Guests & Invitations

Guests and Invitations

For a private farewell, you will need to send invitations out to people you would like to attend. You may have a clear idea of who you would like to attend, or perhaps there are people you would prefer not to attend, writing a guestlist will help you manage this with your family members.

Writing a guest list

If there are any gaps in contact information or you are not sure if you are missing someone then looking through your loved one’s address book, emails, phone, diary, or even old birthday cards and letters may be useful.

For open events it is not necessary to prepare a guest list as you do not need to send individual invitations out. Instead, you could post the open invitation somewhere public such as your loved one’s Facebook page. This can be a good option if you would like to spread the word and make sure that their entire network is included.

How to invite people to a funeral

When considering how to invite guests to a funeral service, you may want to consider the number of guests on your list, what contact details you have access to, the age range of the guests, budget, the timeframes you are working to and your personal preferences. Some of the options available are:

  • Printed invitations
  • Email invitations
  • Texts
  • Phone calls
  • Social media private messages
  • Facebook event invite
  • Posting an open invitation on your loved one’s Facebook profile
  • Open invitation in a public death notice.

Seating at a funeral

Traditionally, the first few rows of seating are reserved for close family. If there are elderly guests attending, you may want to reserve seating for them near the front. If you are working with a funeral home, they should have ‘Reserved’ seating signage that you can use, or you can create your own.

To ensure the service goes smoothly, it is worthwhile informing anyone who has reserved seating before they arrive.

What details to include in a funeral invitation

Whatever format you choose for the invitations, including all of the information that the guests will need to know will minimise the queries you will need to respond to in the run up to the day. The most important details to include on all funeral service and wake invitations are:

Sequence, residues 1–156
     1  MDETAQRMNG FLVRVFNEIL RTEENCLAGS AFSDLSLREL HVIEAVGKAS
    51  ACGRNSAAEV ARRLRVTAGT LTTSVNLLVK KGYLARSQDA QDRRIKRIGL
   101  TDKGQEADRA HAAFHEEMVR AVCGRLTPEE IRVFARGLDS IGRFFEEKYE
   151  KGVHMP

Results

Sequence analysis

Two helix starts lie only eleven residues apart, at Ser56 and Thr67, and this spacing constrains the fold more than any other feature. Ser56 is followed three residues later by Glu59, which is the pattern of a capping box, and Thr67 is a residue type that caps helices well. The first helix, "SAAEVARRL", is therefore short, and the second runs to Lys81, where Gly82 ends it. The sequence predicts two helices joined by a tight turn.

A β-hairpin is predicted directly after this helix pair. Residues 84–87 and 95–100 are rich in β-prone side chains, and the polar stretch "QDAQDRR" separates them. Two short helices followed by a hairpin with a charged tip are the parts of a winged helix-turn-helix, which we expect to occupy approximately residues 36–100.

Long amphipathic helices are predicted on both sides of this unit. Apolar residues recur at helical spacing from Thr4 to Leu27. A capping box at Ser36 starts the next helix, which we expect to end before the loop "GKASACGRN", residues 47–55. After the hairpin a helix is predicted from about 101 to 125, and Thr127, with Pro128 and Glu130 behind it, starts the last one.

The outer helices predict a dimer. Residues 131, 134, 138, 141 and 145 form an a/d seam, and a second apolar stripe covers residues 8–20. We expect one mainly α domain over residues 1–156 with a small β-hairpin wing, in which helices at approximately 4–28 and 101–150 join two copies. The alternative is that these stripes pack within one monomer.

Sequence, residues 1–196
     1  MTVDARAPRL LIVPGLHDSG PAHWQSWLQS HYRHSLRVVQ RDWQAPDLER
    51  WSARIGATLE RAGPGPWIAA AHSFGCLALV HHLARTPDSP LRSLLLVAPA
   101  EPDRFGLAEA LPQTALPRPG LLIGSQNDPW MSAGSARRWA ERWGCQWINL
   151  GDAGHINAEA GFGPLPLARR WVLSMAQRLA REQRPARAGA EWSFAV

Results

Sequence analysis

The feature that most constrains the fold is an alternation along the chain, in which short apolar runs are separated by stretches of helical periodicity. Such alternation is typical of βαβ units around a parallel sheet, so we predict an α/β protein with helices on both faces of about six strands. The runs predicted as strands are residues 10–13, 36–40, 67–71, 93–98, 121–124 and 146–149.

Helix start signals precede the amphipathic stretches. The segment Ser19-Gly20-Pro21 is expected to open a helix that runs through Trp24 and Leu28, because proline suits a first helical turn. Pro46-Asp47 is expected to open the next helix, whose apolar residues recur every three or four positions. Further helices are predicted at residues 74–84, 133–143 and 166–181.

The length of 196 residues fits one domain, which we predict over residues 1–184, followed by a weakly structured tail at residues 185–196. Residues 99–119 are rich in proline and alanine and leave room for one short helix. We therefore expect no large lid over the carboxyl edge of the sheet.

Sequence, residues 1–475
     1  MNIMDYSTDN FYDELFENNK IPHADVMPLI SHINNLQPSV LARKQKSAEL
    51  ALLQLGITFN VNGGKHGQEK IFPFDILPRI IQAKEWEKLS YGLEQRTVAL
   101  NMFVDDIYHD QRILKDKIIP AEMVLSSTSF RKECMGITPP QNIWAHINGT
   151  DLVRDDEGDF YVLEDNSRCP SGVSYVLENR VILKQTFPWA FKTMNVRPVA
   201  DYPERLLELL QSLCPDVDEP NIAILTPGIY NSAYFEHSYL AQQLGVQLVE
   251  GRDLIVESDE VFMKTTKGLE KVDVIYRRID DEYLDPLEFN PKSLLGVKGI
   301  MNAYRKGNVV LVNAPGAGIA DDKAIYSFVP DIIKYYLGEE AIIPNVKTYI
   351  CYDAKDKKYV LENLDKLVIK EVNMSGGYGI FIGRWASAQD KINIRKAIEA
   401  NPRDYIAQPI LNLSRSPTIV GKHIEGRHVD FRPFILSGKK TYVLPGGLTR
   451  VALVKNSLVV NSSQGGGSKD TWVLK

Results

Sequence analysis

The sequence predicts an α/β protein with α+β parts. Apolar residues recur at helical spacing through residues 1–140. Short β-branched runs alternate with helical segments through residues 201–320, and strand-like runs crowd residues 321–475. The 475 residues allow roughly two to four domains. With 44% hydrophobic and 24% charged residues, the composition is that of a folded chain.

• Name of the deceased
  • Arrival time, date and address of the farewell service
  • Whether the service is public or private
  • Contact information and a date to RSVP by, if required
  • Information about the wake if one is taking place after the farewell
  • Information about whether flowers or charity donations in lieu of flowers are preferred
  • Any specific venue information e.g. parking.

Example 1

Join the family of Matthew Jenkins as we celebrate his life on Thursday 20th June 2022.

The service will be held at Brownstone Funeral Home with reception to follow.

In accordance with Matthew’s final wishes, the family kindly ask for donations to Cancer Research in lieu of flowers.

Please RSVP to by Monday 17th June.

Example 2

It is with deep sadness that we share the news that our father James Harris passed away on February 10th 2022 following a sudden illness. A private funeral will be held. The family would like to invite you to a celebration in his honour at 5pm on Sunday 20th February. Please bring a story to share and a photo for the memorial book. Dinner and drinks provided.

The Smith Family address is 56 Whitley Street, Davenport, Auckland.


Asking for RSVPs can be a good option to get an idea of numbers if you are posting an invitation publicly, such as on the deceased person’s Facebook page, rather than sending invitations out to a set guest list.

If you are providing food and drink, or if you would like to know how many elderly guests are attending so you can reserve seating for them, you may find it helpful to know who to expect. Ask a family member to be in charge of escorting people to their seats.

Traditionally, the first few rows of seating at a funeral are for close family and elderly guests.